Minimum wage needs more than just a raise

March 6, 2007, midnight | By Maya Calabrese | 17 years, 1 month ago

Government plan to raise minimum wage is long overdue and lacking

For Blazers the typical after school job pays anywhere from $5.15 to $8.00, adding up to just enough for the latest gaming system or pair of sneakers. But what if you had to live on that money? For minimum wage workers this is just the case.

Congress currently is debating the details of a bill that will raise the hourly minimum wage from $5.15 to $7.25. Raising the minimum wage is no doubt long overdue, but the discrepancy between what is earned and what is needed to survive will remain unless the government addresses the true complications behind the issue of the value of minimum wage.

The minimum wage has not been raised since 1997. In the past 10 years the value of the dollar has steadily declined due to inflation, making $5.15 today equivalent to only $3.95 in 1995. This could not buy much more than a can of shaving cream and a couple packs of gum, but people are expected to survive on it. The fact that minimum wage is not indexed to inflation is a major problem being overlooked. Congress decides when the minimum wage increases and by how much, but they have not passed increases to help the minimum wage keep up with inflation.

An additional problem of the current, and proposed, minimum wage is that it does not equate to the cost of living. A full-time minimum wage employee earns a yearly salary of $10,712, more than $5,000 below the federal poverty line for a family of three, which is often supported by one worker.

If the minimum wage is increased to $7.25, a full-time minimum wage worker would make $15,080 annually. According to Economic Policy Institute (EPI), a nonprofit that seeks to broaden the public debate about strategies to achieve a prosperous and fair economy, the income needed to support a family of three ranges from $23,000 to $46,000 depending on where the family lives. Though the $2.10 increase will help, the income from minimum wage would still be far below the cost of living.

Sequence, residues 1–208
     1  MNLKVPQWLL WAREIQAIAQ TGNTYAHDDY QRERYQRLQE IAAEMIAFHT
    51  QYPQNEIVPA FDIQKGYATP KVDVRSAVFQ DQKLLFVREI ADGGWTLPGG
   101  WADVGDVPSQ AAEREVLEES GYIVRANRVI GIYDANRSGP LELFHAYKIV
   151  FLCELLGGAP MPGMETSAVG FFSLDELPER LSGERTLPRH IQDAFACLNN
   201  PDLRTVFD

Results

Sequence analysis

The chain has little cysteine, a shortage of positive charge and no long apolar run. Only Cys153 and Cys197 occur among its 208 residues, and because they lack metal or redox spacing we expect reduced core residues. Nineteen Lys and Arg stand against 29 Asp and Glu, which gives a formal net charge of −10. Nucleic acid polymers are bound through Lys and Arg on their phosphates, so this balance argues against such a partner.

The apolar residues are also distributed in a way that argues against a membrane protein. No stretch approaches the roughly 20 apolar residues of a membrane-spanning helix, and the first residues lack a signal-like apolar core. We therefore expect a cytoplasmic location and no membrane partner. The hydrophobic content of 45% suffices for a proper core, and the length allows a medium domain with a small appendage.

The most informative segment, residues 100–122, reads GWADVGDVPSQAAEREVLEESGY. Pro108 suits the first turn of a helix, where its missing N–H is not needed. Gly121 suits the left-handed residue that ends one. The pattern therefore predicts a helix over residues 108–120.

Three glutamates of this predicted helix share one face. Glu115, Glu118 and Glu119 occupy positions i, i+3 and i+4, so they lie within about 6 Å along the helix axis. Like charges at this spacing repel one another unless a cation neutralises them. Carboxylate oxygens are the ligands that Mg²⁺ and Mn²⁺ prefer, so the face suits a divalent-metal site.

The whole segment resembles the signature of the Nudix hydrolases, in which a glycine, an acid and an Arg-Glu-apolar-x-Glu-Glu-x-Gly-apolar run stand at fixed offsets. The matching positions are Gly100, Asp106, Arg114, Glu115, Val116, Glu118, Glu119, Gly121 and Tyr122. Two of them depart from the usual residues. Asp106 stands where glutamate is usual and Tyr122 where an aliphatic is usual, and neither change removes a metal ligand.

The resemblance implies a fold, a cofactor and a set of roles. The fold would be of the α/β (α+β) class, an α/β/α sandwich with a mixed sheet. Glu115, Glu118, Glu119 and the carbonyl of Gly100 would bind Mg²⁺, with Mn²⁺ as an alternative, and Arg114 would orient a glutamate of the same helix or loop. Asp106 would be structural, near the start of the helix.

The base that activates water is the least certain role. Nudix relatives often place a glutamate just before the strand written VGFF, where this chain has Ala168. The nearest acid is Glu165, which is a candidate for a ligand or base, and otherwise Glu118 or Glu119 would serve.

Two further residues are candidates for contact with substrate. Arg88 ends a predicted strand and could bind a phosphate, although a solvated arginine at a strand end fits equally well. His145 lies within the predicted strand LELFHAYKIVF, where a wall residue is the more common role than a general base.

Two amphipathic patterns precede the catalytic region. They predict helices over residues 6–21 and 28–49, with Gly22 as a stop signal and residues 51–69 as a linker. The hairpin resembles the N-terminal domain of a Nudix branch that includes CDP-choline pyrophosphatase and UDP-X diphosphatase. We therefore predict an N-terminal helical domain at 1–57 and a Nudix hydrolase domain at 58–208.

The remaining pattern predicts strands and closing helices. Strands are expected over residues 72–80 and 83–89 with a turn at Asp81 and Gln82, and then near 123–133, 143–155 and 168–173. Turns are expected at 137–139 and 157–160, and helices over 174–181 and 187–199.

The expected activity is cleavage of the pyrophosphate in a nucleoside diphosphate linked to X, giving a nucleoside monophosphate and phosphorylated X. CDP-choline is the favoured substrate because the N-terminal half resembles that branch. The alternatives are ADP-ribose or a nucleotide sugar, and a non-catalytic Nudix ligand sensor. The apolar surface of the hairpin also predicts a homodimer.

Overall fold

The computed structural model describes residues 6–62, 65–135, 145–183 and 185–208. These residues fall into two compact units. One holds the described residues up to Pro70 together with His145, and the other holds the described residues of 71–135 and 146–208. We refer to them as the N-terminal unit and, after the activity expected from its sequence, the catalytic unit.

Despite the obvious problem with the poverty line, Congress continues to debate over what effect a raise in the minimum wage would have on unemployment. EPI reports that after the last increase, no measurable negative impact on employment could be found. In fact, unemployment fell to its lowest level in decades; debate over.

With a raise not only will unemployment decline but a large amount of current workers, whether minimum wage or not, will experience an increase in their salary. Close to 10 million workers received an average wage hike of around $0.40 per hour from the last increase, which could afford them a used car or nicer apartment. It is suspected that about 14.9 million would benefit from the proposed increase.

Congress is right to raise the minimum wage, no questions asked, but one increase now will not prevent unequal minimum wage in the future. The bigger problem lies in the inadequate measurement of the cost of living and, thus, an underestimated poverty line. To avoid future miscalculations of a reasonable poverty line, Congress should focus its attention on developing a way to more adequately measure the cost of living and factor for inflation so the minimum wage can be adjusted accordingly. By developing a technique to do so now will ensure fair increases later on.

For more statistics regarding minimum wage, visit Economic Policy Institute.

Last updated: April 23, 2021, 1:13 p.m.

Maya Calabrese. Maya is a SSEEENNNIIOOORRR! Her guilty pleasures include MTV, chocolate, boys and blasting music in her granny mobile with the windows down. More »

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